Aaron also cites Ephesians 5:22-23, claiming that Paul couldn’t have endorsed mutual submission, since he told wives to submit to their husbands as the church submits to Christ. This is a better argument, though I suspect that as with most analogies, Paul wasn’t trying to suggest the husband-wife relationship is like that of Christ and the church in every way.
More importantly, Aaron didn’t account for two vital pieces of context. The first can be found just one verse prior, in Ephesians 5:21.
Submit to one another out of reverence for Christ.
This is the governing statement for everything Paul says in the “household codes” of Ephesians 5:22–6:9. In fact, the Greek word for submit (hupotasso) doesn’t even occur in verse 22; it has to be supplied from verse 21. Grammatically and logically, then, Paul appears to subordinate the wife’s submission to the greater call for mutual submission. Which convinces me that the wife’s submission and the husband’s love (Eph. 5:25) are in some ways two sides of the same coin for Paul.
Second, we have to look at the historical/cultural context of the “household codes” in letters like Ephesians and Colossians. Rachel Held Evans has a good summary on her blog, but the short(-ish) version is that these codes were relatively common in first-century correspondence. You can find similar codes in the writings of Philo and Josephus, for example. The household codes were considered vital to the preservation of Roman society and the all-important pater familias. Any attempt to undermine the established system would have drawn unwelcome scrutiny from the authorities. So for the sake of the gospel, it was necessary to defer to Roman cultural sensibilities about how a family should be run.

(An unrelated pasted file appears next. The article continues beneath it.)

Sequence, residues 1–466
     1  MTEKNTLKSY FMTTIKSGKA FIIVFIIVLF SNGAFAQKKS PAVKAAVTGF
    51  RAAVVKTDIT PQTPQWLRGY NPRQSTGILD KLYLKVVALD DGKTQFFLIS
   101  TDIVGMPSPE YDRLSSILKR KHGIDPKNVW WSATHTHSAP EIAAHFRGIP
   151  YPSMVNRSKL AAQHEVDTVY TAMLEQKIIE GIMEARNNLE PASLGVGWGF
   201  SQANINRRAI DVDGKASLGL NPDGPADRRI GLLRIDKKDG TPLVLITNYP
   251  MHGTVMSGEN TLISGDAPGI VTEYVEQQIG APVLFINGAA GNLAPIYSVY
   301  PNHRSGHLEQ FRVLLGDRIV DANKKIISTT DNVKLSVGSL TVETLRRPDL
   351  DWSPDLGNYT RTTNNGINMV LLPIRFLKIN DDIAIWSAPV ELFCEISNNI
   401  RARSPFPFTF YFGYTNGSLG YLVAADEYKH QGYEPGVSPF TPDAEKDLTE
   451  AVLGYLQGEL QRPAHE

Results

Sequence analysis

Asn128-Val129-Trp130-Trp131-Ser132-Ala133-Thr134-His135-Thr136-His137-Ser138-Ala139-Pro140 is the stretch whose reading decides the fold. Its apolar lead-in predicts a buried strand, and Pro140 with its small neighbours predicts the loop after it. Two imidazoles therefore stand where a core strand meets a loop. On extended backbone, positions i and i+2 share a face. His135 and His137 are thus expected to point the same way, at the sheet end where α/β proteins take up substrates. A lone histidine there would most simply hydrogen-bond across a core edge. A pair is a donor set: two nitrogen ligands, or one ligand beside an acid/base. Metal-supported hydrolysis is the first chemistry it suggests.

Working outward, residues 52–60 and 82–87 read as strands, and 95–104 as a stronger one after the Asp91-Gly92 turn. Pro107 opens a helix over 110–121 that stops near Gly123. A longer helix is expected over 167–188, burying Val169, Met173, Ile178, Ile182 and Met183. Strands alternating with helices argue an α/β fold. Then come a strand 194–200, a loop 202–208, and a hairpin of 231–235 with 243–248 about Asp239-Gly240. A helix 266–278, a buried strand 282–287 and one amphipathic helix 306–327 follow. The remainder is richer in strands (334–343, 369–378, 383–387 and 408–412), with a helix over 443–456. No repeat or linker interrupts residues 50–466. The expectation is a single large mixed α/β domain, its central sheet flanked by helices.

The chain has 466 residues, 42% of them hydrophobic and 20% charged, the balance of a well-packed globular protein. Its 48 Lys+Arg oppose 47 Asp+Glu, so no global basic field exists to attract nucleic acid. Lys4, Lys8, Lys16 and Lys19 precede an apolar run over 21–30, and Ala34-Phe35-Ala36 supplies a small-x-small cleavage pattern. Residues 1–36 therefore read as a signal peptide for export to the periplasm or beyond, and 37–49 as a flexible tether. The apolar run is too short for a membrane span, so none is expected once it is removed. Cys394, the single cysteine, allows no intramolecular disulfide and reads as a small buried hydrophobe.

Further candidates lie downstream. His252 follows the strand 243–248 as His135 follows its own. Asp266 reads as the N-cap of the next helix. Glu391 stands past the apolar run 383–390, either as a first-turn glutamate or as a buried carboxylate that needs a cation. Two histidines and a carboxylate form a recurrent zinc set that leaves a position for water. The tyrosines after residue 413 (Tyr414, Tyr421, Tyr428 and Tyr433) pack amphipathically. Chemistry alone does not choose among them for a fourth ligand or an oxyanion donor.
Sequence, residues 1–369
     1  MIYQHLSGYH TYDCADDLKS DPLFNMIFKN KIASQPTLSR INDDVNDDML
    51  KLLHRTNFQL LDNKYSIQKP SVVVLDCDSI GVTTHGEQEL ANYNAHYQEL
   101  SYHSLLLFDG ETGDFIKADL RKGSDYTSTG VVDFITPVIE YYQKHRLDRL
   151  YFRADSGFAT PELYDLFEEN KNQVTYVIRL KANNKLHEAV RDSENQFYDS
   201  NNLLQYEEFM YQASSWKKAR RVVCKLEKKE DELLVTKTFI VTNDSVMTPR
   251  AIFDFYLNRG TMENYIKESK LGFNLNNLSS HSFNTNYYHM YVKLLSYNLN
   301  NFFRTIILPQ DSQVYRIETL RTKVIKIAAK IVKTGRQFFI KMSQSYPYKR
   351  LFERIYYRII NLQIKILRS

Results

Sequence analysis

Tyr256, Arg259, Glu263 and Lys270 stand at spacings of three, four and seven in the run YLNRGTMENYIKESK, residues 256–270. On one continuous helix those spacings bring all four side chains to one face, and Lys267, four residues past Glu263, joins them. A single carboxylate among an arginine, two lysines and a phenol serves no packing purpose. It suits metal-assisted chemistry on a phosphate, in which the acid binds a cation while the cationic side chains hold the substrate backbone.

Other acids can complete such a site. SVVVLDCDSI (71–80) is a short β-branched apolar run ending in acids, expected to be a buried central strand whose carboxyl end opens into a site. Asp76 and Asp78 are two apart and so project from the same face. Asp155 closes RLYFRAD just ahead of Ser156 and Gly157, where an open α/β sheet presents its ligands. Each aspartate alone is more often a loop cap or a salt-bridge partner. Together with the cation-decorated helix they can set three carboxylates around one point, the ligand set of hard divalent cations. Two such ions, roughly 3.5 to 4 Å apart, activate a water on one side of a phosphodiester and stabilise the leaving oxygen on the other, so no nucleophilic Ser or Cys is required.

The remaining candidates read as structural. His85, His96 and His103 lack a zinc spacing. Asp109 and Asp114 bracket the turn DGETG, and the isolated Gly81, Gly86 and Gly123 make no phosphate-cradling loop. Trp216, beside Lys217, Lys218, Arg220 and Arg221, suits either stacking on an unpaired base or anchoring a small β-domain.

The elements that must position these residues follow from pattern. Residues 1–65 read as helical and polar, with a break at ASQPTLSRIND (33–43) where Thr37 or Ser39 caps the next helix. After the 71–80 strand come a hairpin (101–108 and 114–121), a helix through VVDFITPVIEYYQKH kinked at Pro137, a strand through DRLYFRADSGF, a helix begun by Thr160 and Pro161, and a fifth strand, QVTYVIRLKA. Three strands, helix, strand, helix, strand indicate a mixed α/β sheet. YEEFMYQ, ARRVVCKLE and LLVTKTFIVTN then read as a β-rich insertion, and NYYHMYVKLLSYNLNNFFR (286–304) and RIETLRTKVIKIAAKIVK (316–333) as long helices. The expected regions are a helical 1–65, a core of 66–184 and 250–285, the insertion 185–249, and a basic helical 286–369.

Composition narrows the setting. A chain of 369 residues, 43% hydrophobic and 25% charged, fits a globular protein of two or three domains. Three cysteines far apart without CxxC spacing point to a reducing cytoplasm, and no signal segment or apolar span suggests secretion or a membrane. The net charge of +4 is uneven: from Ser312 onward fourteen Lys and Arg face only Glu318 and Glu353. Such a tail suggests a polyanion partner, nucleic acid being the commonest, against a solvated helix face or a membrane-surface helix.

Women, prophesy. No wait — women, be quiet!
In my first post for Christian.co.uk, I noted that 1 Corinthians contains an apparent contradiction concerning the role of women in the church. In chapter 11, Paul offers some ground rules for women who wish to prophesy. In chapter 14, he appears to tell women to keep quiet.
In response, Aaron suggests there’s a difference between “teaching” and “prophesying” — which may be true (though both involve speaking with some kind of authority), but that’s beside the point. Aaron never explained how he reconciles Paul’s apparent call for strict silence (the word Paul uses in chapter 14 could easily be translated “shut up”) with his instructions to prophesying women three chapters earlier. Unless, of course, women had to mime their prophesies.
Aaron closes with a brief reference to 1 Timothy 2:12, which someone once dubbed the “worst verse in the Bible.” If you’d like to know more about what I think was going on there, I encourage you to read this.
In the end, I think the values of mutuality and equality make better sense of the New Testament, especially its radical claim “there is neither Jew nor Gentile, neither slave nor free, nor is there male and female, for you are all one in Christ Jesus.”
BTW, Aaron is continuing the conversation with a series of posts on his blog, starting here.